Keen observers of the tech industry have had a feast of decision-making contrasts to explore over the past fortnight, following Facebook boss Mark Zuckerberg’s controversial 17 October speech to students at Washington DC’s Georgetown University. 
In his address, Zuckerberg mounted a staunch defence of free expression on his network, calling misinformation a “nuanced” category of discourse.
His most contentious remarks focused on deliberately misleading political advertising: “I don’t think most people want to live in a world where you can only post things that tech companies judge to be 100% true,” he said. “We don’t fact-check political ads … And if content is newsworthy, we also won’t take it down, even if it would otherwise conflict with many of our standards.” Zuckerberg added: “As a principle, in a democracy, I believe people should decide what is credible, not tech companies.”
Zuckerberg’s stance was widely seen as condoning the proliferation of mendacious content, at a time when the US is poised for a critical election year.
In an open letter in the New York Times,  screenwriter Aaron Sorkin – who charted the tech mogul’s rise in biopic The Social Network – pointed out the “irony” of the speech, given that the film’s script was heavily vetted by studio lawyers to avoid the prospect of a Zuckerberg lawsuit.
Sorkin told Zuckerberg: “I admire your deep belief in free speech … But this can’t possibly be the outcome you and I want, to have crazy lies pumped into the water supply that corrupt the most important decisions we make together … You and I want speech protections to make sure no one gets imprisoned or killed for saying or writing something unpopular, not to ensure that lies have unfettered access to the American electorate.”
However, the debate became even more interesting on 30 October when Twitter CEO Jack Dorsey published a series of tweets  announcing that his platform had banned political ads outright. He explained: “A political message earns reach when people decide to follow an account or retweet. Paying for reach removes that decision, forcing highly optimised and targeted political messages on people. We believe this decision should not be compromised by money.”
For example, he added, “it‘s not credible for us to say: ‘We’re working hard to stop people from gaming our systems to spread misleading info, buuut [sic] if someone pays us to target and force people to see their political ad… well… they can say whatever they want!”
Speaking on BBC Radio 4’s Today programme this morning, Elizabeth Braw – senior research fellow at leading security and defence think tank the Royal United Services Institute (RUSI) – said: “Social media networks clearly have a responsibility to keep their networks clean from disinformation – but even so, a lot of disinformation reaches ordinary citizens. And I think actually we all have a responsibility to think twice before we give credence to what we see or read, or even share that content.” She added: “If we look at the countries that are the most resilient against disinformation, the [top] country is Finland, where … information literacy is taught in schools. And then the UK is number ten. So, not too bad – but we can still clearly do a lot better.”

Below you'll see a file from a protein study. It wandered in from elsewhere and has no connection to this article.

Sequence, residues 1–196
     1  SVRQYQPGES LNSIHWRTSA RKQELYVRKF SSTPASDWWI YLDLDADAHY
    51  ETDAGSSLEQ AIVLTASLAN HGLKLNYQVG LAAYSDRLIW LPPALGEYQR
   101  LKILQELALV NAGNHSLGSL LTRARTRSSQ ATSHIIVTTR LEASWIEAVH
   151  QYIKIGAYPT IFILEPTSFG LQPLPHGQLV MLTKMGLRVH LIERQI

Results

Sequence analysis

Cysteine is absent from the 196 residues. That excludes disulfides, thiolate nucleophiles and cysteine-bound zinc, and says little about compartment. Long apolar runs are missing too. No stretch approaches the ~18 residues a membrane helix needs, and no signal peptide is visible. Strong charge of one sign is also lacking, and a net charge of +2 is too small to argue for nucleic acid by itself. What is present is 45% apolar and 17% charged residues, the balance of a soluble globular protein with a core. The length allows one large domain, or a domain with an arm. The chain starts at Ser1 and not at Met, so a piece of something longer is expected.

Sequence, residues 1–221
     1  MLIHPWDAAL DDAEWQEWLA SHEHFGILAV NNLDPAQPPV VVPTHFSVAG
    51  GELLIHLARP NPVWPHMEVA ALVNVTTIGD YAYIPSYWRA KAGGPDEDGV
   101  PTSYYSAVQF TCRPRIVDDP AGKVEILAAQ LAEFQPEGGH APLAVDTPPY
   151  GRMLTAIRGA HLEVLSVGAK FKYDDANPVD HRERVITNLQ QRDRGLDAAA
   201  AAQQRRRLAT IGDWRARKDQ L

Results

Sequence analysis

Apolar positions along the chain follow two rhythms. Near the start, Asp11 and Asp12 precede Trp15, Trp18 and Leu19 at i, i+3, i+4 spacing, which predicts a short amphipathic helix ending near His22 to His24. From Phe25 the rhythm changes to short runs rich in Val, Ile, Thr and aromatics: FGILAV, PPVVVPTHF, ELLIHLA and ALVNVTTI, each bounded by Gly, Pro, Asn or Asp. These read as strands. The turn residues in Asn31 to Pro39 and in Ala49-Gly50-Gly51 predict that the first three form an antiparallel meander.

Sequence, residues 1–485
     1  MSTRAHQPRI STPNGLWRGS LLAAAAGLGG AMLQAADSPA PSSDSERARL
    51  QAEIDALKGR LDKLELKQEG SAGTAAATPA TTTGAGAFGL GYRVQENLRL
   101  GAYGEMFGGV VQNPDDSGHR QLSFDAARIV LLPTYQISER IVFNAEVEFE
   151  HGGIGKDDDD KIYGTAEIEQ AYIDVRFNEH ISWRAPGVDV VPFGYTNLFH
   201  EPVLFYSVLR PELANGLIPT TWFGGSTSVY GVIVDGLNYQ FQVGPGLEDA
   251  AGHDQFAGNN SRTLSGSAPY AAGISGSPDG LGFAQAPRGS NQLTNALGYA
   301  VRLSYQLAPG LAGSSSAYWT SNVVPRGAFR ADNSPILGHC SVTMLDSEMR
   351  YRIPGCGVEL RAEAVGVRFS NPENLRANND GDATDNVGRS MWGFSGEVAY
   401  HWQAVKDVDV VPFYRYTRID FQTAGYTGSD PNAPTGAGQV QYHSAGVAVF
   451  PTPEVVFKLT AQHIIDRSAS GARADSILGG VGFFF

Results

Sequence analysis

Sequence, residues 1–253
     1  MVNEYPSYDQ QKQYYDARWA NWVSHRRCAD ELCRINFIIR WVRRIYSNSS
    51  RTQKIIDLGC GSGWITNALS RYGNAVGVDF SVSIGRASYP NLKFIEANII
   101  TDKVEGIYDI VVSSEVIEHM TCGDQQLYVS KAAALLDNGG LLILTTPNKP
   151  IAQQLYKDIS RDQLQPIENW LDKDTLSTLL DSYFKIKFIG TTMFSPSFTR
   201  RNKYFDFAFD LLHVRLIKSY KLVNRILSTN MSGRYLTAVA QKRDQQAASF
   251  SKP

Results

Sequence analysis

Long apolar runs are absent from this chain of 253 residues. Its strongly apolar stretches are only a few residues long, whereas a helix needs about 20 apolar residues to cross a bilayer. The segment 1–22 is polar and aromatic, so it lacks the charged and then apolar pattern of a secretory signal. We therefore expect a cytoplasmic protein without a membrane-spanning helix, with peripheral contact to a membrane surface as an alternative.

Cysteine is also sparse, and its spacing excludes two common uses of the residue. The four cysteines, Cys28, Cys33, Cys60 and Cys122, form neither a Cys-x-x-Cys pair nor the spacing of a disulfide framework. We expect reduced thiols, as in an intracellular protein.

What sort of lessons should leaders take away from the debate around the sharp contrasts between Facebook and Twitter’s policies?
The Institute of Leadership & Management’s head of research, policy and standards Kate Cooper says: “For any leader, this is all about the extent to which you trust the information with which you have been presented. And it highlights a series of questions that leaders should ask themselves every day, such as: where has this information come from? Is it the best evidence available? And is it helping to inform my decisions in a constructive way? That regular questioning of information is something we should all be prepared to undertake. It’s critical thinking, which is a cornerstone of many degree programmes and, as Braw suggests, should certainly also be on the school curriculum.”
Cooper notes: “Leaders shouldn’t regard the process of sourcing and referencing as some sort of academic box-ticking exercise, or an inconvenient addition to their paperwork. Getting into the habit of questioning the information we receive is a critical step towards sharpening the decisions we make. That doesn’t just apply to what Facebook and Twitter users must do in their consumption of social media – it’s incumbent upon everyone in our organisations who makes decisions on the basis of third-party information. Who has provided this data? How can I trust it? And is it of a dependably high quality?”
For further insights on the themes raised in this blog, check out the Institute’s resources on decision making
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Image of Mark Zuckerberg testifying before the House Financial Services Committee last month courtesy of Aaron-Schwartz, via Shutterstock